Still going strong, but also still the same as always. Lacks the easy communication of FB Marketplace. Craigslist always has lots of bikes listed, but it still feels a bit less safe, since accounts aren’t as personal as a FB account. Also, if you’re open to shipping a bike, it’s much easier to see your options on FB than it is on Craigslist. As always, be careful.


First, if you’re into MTB and not on PinkBike regularly, you’re missing out. Like mountain bike videos? This is where they all debut. Second, PinkBike Buy/Sell section is easy to miss. Don’t think I’ve ever heard or seen anyone say anything about it since a buddy exposed me to it in college. This is the place to go for mountain bikes and mtb parts. It’s like a FB group for mountain bikers worldwide. You can set geography filters and choose exactly what type of bike you’re looking for. Most likely the bikes won’t be in your area and you will have to ship, but worth a look due to the high quality.



Facebook Marketplace is our first go-to source because of the volume and local buying options.


Ok, now that you’ve done your research and have identified some good looking listings, let’s evaluate them to find the best fit for you!



Here's how we evaluate a used bike listing:


What condition is the bike in? We talked earlier about damage and function, but just looking at the bike or reading the listing, can you tell how well the bike is treated? Is it shiny and new looking? Or is it carrying a thick coat of dust and dirt? Hopefully, there are closeup photos. Are the logos/stickers on the bike in good shape? That’s a good indicator of what shape the bike is generally in. Any rust or corrosion visible? The materials on the seat, the grips or handlebar tape, the non-metal bits - do they look fresh and clean?

The more dirt, grime, cracking, peeling etc you can see, the less the bike is worth and likely the more work (read: $) it will need immediately and in the future, through maintenance and replacement parts. Always good to ask what parts are stock and what's been replaced, and when.


What year is the bike? If the listing doesn’t say, ask. This has a huge effect on the real value and pricing. And before we really get into it, remember, a bike that is 5 or 10 years old, though it might seem ancient, is a bike with technology that was considered state of the art at one point. My road bike is pretty nice, but it’s from 2013. When I start thinking about upgrading, I remind myself, “this bike was good enough for the top, top pros in the world at one point, pretty sure it’s not limiting me in any way.” So, keep that in mind when you start seeing newer, shinier things.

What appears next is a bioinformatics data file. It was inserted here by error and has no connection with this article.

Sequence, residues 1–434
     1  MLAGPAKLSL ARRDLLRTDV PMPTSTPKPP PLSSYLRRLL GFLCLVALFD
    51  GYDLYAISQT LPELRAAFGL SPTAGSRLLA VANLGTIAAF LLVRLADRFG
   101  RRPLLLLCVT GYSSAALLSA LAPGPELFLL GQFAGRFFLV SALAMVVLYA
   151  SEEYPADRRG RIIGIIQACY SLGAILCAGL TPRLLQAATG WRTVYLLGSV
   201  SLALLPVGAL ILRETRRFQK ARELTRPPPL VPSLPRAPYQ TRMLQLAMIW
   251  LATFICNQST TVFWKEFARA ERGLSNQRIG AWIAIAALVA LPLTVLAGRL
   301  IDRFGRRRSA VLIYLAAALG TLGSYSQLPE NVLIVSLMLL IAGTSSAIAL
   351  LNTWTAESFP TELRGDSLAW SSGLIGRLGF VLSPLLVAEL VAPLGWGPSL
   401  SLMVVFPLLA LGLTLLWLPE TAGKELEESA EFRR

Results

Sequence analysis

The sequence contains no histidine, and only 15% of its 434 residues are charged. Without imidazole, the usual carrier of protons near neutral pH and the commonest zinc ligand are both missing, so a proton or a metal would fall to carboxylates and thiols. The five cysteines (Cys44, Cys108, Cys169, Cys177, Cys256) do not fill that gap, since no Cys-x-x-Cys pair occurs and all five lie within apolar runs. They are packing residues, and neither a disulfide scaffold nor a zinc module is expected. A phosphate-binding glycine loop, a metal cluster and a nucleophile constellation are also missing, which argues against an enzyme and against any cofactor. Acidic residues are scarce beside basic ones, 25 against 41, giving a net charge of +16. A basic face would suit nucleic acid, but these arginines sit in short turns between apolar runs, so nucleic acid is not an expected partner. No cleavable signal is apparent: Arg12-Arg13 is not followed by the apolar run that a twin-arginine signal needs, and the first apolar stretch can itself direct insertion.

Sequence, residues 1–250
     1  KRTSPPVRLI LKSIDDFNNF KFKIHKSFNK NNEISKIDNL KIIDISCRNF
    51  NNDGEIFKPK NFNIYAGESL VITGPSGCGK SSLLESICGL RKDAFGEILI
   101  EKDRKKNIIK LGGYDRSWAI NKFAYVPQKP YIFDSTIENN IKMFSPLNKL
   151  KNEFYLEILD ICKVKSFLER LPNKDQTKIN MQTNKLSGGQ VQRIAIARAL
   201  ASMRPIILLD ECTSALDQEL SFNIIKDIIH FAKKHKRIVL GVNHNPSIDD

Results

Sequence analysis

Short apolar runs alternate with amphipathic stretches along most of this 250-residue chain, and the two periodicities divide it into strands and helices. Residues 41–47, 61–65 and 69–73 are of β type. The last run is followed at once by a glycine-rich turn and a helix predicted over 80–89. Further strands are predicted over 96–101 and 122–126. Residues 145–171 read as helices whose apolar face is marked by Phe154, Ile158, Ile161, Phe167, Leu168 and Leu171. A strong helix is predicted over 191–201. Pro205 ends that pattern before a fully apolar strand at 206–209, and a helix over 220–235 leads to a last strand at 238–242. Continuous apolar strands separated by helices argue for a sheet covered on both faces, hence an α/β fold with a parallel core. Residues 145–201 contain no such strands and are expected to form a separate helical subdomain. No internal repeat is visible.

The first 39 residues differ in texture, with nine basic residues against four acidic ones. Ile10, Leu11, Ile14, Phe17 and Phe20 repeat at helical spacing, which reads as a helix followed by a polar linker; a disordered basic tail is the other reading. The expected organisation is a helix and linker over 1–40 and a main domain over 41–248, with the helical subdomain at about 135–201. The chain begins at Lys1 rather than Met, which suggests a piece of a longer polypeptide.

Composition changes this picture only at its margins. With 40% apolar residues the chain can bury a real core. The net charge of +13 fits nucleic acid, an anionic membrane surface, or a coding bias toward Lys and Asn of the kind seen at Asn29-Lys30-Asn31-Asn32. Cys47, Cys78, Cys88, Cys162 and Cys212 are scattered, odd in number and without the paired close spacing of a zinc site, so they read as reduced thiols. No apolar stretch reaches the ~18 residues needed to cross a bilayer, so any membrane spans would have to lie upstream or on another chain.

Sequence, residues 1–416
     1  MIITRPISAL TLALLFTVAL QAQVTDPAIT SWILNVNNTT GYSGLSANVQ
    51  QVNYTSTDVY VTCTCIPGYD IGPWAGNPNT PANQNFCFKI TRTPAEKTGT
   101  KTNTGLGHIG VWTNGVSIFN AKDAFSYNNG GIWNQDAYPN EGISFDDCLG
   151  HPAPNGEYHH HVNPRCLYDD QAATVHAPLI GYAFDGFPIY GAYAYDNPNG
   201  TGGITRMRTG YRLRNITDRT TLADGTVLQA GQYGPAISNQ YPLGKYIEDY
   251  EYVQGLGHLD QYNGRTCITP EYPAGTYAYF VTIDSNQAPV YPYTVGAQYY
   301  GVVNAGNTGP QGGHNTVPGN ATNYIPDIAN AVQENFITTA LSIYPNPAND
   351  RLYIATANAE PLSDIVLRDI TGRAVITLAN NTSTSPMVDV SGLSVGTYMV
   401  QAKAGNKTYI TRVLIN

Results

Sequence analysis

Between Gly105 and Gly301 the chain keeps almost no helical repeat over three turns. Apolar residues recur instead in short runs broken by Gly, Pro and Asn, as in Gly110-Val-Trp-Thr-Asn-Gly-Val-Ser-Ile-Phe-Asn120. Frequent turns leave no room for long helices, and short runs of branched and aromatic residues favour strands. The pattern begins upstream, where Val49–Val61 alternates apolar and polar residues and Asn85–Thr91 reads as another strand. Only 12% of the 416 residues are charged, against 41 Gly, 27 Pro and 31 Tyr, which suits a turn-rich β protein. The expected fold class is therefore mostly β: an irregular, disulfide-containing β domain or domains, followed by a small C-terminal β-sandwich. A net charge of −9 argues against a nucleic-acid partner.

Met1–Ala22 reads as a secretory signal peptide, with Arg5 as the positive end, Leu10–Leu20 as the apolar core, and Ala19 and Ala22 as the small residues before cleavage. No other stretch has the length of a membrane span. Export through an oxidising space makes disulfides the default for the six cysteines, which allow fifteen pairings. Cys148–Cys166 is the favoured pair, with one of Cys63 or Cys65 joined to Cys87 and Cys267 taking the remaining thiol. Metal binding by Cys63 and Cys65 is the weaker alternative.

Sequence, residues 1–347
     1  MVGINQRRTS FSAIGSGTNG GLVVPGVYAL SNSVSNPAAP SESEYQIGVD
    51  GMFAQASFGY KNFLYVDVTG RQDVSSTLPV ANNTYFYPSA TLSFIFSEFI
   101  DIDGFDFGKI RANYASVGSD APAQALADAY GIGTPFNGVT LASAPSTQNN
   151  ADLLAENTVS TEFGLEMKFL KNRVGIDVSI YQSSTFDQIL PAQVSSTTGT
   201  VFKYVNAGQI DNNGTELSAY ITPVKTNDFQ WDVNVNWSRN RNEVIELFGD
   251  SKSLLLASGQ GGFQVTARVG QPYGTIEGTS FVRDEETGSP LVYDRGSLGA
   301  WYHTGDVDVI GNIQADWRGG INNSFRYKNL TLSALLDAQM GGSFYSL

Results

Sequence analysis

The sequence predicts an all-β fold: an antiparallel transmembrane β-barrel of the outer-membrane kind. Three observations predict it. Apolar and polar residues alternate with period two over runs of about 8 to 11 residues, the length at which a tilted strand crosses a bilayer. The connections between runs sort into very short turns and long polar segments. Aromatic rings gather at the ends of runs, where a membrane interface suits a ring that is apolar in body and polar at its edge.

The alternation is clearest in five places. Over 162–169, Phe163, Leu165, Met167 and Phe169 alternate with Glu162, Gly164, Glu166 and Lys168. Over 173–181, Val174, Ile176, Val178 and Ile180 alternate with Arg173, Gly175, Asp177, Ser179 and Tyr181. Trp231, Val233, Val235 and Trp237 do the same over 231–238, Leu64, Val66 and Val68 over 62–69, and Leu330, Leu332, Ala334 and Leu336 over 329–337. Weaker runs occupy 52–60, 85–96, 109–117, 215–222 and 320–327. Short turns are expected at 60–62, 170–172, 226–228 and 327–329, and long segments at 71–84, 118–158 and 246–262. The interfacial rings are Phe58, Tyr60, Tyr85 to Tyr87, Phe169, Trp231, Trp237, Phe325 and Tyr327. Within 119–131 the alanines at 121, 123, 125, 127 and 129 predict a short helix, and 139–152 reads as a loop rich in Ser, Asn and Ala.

Now, usually the question is how old is too old for a used bike? That’s the wrong question. The right questions are “does this bike do what I want it to do?” and “will it still work for as long as I want it to”? If you want a bike that will last a long time, you’ll likely need replacement parts at some point. Certain brands and models will have proprietary parts that may have ceased production. Googling the make, model, year and “issues?” will point you to forums with bike owners talking about parts and function issues they’ve run into. Also, consider your own progression. You don’t need to go crazy - you’re likely not going to be a pro. But if you’re buying your first mountain bike, think about how your skills might evolve. With time and practice, you could outgrow a truly entry level bike quickly. You’ll find yourself wanting better gearing, more suspension and maybe something lighter.



So, now you're definitely wondering about price. How does condition and age affect price? How do I know if a bike is a good deal?

Let's talk price. Before that, a quick reminder that we’re in a seller’s market in 2022 still, so prices may be a little inflated. That said, these are the three best ways to price check a used bike:

    Bicycle Blue Book Value guide

    This website is THE go-to source for bike valuation. You enter the brand, model, year and condition and you can see the estimated value ranges. A savvy seller will be using this guide to price their bike also, but using this tool will quickly tell you if the bike is a good deal or not, and what a more realistic price may be. Try changing the condition variable to see how it changes the ranges. This is good to know since it’s so hard to assess the condition of a bike you haven’t seen in person.